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Wyoming Last Place In Labor Force Recovery Since Great Recession

Labor force changes from June 2009, the end of the Great Recession to October of 2018
Cooper McKim
Obtained from U.S. Bureau of Labor Statistics Numbers

The majority of states have recovered labor forces since the end of the Great Recession, but Wyoming has actually seen the steepest drop in the country.

Since 2009, Wyoming has shed 15,700 workers from its workforce. That's a five percent fall, according to Bureau of Labor Statistics’ numbers. West Virginia — a state similarly reliant on the energy industry — follows close behind at 4.47 percent. Only 12 states saw a decline in workforce.

Jim Robinson, the principal economist for Wyoming’s economic analysis division, said it’s tied to the boom-bust nature of the energy industry. Wyoming has lost thousands of jobs in the past decade due to shifts in pricing and demand for coal, oil, and gas — not to mention corporate decisions leading to financial difficulties. Robinson said between 2014 and 2016, oil jobs fell by nearly 10,000. And when people get laid-off, they often leave.

“We saw booming economies in Colorado and Utah. That acts as a draw on the people of WY,” Robinson said.

Highest labor force increases since June 2009
Credit Cooper McKim / Obtained from U.S. Bureau of Labor Statistics Numbers
Obtained from U.S. Bureau of Labor Statistics Numbers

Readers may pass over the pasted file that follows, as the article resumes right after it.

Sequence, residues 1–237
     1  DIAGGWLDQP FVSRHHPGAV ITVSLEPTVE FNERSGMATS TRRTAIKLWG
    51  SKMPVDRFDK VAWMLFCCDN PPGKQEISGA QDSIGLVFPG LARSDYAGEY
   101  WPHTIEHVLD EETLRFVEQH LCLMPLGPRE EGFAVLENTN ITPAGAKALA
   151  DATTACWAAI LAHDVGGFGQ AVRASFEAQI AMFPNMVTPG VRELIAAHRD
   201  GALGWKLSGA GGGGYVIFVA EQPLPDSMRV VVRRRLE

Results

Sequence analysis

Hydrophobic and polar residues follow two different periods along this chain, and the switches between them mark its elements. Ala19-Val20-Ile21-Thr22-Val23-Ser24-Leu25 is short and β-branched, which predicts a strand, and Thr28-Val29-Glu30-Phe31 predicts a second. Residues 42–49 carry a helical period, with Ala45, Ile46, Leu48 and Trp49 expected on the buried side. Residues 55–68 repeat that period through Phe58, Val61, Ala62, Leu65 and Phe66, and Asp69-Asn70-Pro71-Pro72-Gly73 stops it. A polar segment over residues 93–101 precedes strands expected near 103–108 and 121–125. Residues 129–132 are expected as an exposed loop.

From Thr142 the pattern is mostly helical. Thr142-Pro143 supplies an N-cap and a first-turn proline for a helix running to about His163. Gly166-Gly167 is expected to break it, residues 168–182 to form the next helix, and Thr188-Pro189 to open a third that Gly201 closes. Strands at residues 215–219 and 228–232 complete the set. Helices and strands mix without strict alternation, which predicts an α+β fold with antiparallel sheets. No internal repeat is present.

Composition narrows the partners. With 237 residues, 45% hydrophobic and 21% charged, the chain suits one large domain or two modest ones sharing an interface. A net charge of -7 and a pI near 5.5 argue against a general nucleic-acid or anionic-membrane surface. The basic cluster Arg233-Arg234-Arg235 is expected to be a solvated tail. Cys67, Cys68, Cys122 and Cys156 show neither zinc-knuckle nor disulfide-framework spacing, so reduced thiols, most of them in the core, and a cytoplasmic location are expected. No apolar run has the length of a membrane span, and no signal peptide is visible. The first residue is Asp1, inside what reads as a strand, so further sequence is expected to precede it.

Highest labor force increases since June 2009

Utah has seen the largest growth nationally in its workforce - up 16 percent.

Robinson said jobs are starting to come back thanks in part to better crude oil prices. He wrote that, two years ago, oil and gas had 10,200 jobs and has now improved to 12,500 with better pricing.

"It looks like our job growth is probably closer to around 1000 to 1500 jobs which is about half a percent job growth,” Robinsons said, up from the same time last year. "But yet it’s still job growth. That’s what we’re trying to keep track of, as we recover from our energy recession.”

While mining has been the primary driver of job growth, Robinson says tourism and health services have also contributed.

Before Wyoming, Cooper McKim has reported for NPR stations in Connecticut, Massachusetts, and South Carolina. He's reported breaking news segments and features for several national NPR news programs. Cooper is the host of the limited podcast series Carbon Valley. Cooper studied Environmental Policy and Music. He's an avid jazz piano player, backpacker, and podcast listener.
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